While some radios require massive amounts of power, there are a lot of Hams who enjoy the challenges of operating on next to nothing. In Ham lingo, it’s known as QRPing. And yes, these weird terms and phrases actually mean something and are extremely useful when operating in low power situations. (Check out our ham radio cheat sheet for more terms)
From using solar, wind, and other alternative power sources to the batteries in your vehicles, boats, or RV’s there are a number of ways to power a Ham Radio after the grid goes down. In fact, some radios can be operated with little more than the batteries in your smoke detector.
Personally, I’ve talked to people from around the globe with less than 10 watts of power. If you really know what you’re doing, you can transmit with even less. I use an Icom 703, with a battery pack that can be recharged with a small solar panel. Here is an example of one of my solar powered Ham Radio Rigs.
Amateur Radio License Questions
How to get a Ham Radio License: How hard is it to get the License?
In general, radio communications is a pretty complicated subject, one that’s impossible to cover in a single article. That being said, the licensing process itself is actually pretty easy.
Over the last decade, the testing process has been simplified. Some of the past requirements, such as learning Morse code, are no longer required to obtain a license. In my opinion, it’s a shame they’ve dumbed down the testing by removing the Morse code requirement, but I’ll save that rant for another day. What’s important here is that almost anyone, with a little bit of practice, can get their license.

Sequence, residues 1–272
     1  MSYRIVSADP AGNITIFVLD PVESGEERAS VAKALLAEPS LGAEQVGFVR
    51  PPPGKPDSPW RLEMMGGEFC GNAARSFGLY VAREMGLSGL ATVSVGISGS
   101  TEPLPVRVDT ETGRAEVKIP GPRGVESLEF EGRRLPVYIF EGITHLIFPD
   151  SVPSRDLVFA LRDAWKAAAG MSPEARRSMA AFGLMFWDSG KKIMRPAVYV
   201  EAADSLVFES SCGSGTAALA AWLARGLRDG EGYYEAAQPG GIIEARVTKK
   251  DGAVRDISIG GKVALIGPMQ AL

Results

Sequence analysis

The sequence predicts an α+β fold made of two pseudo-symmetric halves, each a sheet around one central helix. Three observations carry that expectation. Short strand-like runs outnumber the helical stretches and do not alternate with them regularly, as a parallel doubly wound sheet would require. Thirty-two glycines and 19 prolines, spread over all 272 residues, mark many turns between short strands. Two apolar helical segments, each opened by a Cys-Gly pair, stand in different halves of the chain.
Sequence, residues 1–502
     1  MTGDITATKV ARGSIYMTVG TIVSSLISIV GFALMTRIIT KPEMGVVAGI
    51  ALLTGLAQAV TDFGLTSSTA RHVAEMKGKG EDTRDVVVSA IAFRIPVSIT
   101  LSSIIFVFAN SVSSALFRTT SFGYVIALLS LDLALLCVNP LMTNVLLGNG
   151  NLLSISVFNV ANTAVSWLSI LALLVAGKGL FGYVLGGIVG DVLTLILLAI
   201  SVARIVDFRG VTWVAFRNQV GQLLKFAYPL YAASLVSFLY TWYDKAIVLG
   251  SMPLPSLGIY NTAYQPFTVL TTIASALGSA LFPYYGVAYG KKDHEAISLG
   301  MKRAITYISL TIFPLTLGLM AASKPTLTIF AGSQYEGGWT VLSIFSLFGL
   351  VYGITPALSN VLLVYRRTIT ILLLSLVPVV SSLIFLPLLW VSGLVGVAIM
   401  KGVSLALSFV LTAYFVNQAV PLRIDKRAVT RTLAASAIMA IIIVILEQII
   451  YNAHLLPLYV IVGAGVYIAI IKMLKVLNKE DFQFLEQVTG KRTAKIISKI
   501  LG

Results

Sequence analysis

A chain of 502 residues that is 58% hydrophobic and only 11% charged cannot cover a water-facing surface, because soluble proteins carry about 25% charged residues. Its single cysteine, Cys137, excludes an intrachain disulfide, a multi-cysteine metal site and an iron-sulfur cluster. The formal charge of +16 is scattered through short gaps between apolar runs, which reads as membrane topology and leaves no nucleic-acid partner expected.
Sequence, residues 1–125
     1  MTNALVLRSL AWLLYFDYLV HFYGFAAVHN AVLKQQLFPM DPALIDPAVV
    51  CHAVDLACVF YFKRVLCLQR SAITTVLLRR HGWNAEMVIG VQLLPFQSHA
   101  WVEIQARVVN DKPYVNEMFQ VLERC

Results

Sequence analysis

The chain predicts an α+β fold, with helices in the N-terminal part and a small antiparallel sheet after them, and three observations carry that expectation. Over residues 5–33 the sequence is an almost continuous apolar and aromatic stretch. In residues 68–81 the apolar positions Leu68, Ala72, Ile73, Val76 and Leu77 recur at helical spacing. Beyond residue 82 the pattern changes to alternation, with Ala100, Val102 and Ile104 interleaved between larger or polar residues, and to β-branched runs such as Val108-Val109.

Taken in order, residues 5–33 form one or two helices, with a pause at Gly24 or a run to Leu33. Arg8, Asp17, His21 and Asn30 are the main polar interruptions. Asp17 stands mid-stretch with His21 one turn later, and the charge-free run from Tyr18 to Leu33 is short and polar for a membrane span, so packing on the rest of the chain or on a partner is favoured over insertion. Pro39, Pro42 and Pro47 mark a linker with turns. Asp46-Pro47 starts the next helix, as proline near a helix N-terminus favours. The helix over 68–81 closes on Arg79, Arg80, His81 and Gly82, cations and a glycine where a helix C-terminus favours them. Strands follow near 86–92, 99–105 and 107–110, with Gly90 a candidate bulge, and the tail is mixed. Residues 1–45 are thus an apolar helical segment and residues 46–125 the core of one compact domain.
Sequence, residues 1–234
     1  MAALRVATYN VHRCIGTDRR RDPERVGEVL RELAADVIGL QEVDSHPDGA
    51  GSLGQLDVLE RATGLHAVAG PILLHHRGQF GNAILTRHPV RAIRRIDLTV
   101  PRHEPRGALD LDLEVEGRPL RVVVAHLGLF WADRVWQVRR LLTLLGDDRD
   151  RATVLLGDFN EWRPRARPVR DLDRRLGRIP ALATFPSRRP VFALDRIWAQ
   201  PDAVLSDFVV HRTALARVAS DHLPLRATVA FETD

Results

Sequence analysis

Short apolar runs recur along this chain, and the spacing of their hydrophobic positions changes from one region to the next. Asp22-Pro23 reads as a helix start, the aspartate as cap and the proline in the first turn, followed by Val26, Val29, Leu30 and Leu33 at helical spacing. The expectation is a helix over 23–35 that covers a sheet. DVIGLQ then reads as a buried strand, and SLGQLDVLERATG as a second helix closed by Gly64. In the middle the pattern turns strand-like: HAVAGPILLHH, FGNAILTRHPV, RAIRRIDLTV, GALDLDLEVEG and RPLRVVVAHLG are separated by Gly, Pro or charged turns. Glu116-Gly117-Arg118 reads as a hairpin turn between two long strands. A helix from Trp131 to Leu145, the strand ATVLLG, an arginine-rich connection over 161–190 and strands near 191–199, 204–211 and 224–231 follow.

How to become a ham radio operator
The Technician class license is the entry-level license of choice for most new ham radio operators. To earn the Technician license, you need to pass a 35 question examination. The test covers basic radio theory, FCC regulations, and basic operating practices. The license allows you to access the very popular 2-meter band.
The cost of the exam is $15. You can find a testing center through the ARRL Website.
To really get the most out of Ham Radio, you should shoot for at least a General Class License. This license will require you to take another 35 questions examination, covering more advanced radio theory, regulations and operating practices. Once you pass the General Exam, you will have access to all VHF/UHF Amateur bands and most HF privileges (10 through 160 meters).
Can’t I just buy a Radio without becoming licensed?
I often come across people who buy the equipment without ever learning how to use it. In my opinion, it’s the same as buying a gun and then never learning how to fire it. While there’s nothing stopping you from buying the equipment, I probably wouldn’t do it without learning how to use it first.
Each type of equipment, power source, antenna, and communication mode has its own set of strengths, weaknesses, and intricacies. Ham Radio equipment isn’t something that you can just pull out of the box during an emergency. Just like every other skill in life, it requires practice; and in the case of Ham Radio, a lot of it.
I refuse to be part of something where I have to be licensed by the FCC.
I hear this argument a lot; and while I usually do everything I can to keep government out of my life, in the case of HAM Radio, I feel the benefits far outweigh the risk. So unless you’ve sworn off driving for the very same reasons, I advise anyone who’s serious about learning the ins and outs of emergency communications to take a good look at becoming a licensed Amateur Radio Operator (HAM).
What kind of Ham Radio should I Buy?
If you’re just starting and have your Technician class license, you don’t need to spend a whole lot of money to get started. In fact, a Baofeng UV-5R Radio will only set you back about $35 and is a great way to get started. The dual-band UV-5R covers the 2-meter band and 70CM ham band (136-174 & 400-480 MHz FM), making it the perfect choice for beginners.
Do you know of any good resources that can help?
I usually recommend any of the study manuals from Gordon West. His materials have been helping Hams for decades, and they are something that I actually used when I first got into the hobby.